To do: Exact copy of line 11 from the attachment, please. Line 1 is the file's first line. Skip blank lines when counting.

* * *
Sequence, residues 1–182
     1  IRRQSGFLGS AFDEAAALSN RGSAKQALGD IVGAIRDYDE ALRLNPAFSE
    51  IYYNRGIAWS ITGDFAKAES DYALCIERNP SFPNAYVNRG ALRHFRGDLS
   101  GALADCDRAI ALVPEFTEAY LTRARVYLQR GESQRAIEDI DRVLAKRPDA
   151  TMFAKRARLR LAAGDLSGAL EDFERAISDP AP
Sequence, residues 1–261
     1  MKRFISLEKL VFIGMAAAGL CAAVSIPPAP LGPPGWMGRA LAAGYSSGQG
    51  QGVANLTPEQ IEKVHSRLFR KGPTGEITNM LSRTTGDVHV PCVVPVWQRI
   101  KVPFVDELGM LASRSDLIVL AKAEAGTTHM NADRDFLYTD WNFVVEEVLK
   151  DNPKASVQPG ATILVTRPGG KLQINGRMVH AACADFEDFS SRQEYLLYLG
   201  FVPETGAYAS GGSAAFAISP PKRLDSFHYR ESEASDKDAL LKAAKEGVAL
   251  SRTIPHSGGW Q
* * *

   201  FVPETGAYAS GGSAAFAISP PKRLDSFHYR ESEASDKDAL LKAAKEGVAL